Ideal Emerald Green
E1572 | medium | left | play | “Emerald ID: E1572, Weight: 1.61 Carats, Origin: Colombia” Technically a perfect green should be a pure green color, but the most desirable emeralds have a slight blue color in them.
Ideally, the gem would also appear eye-clean and visibly free of inclusions. Emeralds are Type III gems however. This means being eye-clean is so exceptionally rare in emeralds that even the auction houses will take ones that have been treated for minor clarity enhancement. Nearly all emeralds have been treated to improve their transparency with a specific type of oil filling in their fractures.
While needing to be infrequently re-oiled every some-odd years, it is the most popular treatment for emeralds.
Requirements for the Color
Emeralds are a variety of the mineral species beryl. Pure beryl is colorless (also called Goshenite), with the color coming from trace amounts of chromium and occasionally vanadium. In order to reach the ideal emerald green color, they also need a little bit of iron to be blue. Thankfully iron is one of the most plentiful elements in the earth’s crust.
The rarest part of finding emeralds is the coloration falling into a very specific range. Another variety of beryl is called green beryl. It sounds like it should be an emerald, but is not. Green beryl is lightly colored and regarded by gemologists and the jewelry community as a different variety of beryl from emeralds. Some individuals qualify emeralds as being colored by chromium and green beryl being colored by vanadium, but the green colors the two elements produce overlap significantly. This cannot be used to differentiate emeralds from green beryl.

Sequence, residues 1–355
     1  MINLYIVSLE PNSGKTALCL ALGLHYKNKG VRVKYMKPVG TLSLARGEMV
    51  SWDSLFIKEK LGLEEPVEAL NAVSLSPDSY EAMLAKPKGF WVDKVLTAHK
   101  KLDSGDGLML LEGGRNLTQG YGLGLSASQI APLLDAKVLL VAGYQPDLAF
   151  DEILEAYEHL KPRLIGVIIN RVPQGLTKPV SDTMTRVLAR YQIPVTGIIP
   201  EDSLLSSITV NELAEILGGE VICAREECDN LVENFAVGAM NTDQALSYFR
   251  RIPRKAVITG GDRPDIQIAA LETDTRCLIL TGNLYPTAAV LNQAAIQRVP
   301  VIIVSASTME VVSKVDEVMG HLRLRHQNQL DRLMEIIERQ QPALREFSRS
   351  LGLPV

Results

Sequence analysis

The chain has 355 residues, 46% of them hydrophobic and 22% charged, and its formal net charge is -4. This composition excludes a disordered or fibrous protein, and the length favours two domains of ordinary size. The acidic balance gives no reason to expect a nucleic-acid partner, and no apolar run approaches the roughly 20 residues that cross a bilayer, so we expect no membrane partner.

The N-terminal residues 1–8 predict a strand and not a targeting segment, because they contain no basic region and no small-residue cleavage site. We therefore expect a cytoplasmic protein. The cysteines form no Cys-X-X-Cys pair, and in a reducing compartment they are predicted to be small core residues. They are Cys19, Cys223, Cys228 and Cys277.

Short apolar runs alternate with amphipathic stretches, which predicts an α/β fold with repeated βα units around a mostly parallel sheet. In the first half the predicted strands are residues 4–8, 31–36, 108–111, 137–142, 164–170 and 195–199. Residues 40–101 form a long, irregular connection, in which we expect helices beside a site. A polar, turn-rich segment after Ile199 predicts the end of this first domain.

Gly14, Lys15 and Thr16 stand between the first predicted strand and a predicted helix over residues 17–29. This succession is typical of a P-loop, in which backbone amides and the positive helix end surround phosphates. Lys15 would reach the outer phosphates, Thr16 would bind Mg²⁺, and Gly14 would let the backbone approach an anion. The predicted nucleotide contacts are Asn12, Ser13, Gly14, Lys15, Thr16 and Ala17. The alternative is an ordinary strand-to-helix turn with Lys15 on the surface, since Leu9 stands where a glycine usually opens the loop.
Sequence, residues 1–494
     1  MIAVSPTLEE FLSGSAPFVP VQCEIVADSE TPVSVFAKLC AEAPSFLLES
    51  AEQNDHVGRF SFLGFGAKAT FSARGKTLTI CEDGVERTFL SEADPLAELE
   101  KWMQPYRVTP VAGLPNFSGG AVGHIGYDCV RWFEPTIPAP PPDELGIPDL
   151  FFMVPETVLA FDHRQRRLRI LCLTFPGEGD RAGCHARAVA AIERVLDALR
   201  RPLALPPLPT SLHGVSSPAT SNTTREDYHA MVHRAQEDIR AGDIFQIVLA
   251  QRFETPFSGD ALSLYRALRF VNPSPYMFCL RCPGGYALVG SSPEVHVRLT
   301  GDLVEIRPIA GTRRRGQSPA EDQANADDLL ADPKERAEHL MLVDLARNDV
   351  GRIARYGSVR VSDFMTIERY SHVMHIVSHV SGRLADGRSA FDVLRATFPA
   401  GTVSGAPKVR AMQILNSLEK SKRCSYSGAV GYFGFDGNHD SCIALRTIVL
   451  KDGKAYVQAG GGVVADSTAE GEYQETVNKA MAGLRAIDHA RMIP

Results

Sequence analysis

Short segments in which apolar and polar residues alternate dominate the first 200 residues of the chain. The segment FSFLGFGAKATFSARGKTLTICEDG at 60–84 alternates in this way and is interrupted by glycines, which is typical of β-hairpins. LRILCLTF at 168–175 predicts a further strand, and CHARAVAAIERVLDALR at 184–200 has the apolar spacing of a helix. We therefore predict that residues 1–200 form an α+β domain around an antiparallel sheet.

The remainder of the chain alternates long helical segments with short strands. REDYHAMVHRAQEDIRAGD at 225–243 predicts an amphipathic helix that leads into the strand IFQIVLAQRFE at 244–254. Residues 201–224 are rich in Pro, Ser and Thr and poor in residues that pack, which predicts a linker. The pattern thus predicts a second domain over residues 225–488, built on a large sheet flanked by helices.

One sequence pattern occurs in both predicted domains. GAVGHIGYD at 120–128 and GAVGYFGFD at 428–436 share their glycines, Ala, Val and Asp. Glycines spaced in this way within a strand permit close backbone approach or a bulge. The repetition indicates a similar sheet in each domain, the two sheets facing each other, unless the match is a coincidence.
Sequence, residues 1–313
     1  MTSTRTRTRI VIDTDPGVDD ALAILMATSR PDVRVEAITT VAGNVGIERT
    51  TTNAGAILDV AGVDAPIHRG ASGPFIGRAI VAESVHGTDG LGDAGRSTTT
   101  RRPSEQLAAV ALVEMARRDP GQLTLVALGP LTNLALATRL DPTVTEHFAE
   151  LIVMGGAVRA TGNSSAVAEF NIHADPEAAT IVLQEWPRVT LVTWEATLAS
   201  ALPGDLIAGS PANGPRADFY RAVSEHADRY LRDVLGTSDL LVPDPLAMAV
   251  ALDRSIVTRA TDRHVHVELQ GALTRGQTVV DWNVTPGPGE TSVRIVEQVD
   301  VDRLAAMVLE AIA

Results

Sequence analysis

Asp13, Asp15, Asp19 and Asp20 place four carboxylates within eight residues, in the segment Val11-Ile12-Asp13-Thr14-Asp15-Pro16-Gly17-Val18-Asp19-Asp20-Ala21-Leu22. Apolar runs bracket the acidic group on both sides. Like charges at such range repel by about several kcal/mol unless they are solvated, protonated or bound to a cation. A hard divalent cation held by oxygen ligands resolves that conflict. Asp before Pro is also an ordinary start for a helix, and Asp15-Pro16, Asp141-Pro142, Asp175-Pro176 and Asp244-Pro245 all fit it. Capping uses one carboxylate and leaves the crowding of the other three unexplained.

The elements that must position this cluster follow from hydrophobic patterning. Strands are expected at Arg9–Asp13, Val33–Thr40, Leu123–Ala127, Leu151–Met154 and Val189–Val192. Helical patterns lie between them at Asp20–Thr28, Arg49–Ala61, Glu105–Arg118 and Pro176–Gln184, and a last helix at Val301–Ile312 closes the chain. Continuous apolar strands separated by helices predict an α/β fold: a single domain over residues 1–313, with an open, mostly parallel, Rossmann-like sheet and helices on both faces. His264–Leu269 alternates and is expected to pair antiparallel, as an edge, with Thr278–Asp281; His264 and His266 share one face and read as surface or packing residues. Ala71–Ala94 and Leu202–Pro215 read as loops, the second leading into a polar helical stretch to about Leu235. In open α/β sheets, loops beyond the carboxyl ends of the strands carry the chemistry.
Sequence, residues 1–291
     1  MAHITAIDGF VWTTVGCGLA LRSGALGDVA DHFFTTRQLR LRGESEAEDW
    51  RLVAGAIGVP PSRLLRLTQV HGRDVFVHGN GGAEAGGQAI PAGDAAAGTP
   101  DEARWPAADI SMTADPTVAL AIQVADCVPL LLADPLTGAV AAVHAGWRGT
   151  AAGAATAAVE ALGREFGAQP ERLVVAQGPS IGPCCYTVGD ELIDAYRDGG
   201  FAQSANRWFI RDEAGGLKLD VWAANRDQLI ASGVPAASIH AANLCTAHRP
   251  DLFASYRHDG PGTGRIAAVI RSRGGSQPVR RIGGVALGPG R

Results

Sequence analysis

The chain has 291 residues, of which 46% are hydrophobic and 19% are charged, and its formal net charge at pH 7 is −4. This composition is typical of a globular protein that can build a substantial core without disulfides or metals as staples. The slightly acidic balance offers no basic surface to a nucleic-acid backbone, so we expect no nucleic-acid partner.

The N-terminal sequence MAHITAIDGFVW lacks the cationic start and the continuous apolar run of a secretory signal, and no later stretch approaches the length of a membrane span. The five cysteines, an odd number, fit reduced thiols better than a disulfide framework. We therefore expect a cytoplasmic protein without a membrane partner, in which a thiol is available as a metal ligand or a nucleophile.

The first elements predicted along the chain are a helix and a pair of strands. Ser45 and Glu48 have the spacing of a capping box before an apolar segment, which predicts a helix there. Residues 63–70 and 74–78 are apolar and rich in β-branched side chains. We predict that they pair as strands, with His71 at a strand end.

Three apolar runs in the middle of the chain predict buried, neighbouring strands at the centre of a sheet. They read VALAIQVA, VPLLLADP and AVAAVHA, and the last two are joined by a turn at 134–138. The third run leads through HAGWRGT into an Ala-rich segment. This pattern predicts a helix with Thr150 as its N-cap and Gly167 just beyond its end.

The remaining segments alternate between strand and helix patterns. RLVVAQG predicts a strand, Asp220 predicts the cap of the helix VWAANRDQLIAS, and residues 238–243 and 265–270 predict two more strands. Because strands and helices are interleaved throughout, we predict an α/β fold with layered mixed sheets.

Emeralds are defined as being medium-light to dark. Their color saturation from grey to green also needs to reach a certain threshold, but grayish or brownish gems are not appealing next to their better colored varieties.
Tone Scale Example (Beryl – Emerald Colors)
It should also be noted that beryl can come in a rainbow of colors including red, yellow, colorless, blue, and orange. Some varieties are much rarer than others, with emeralds being one of the rarer examples.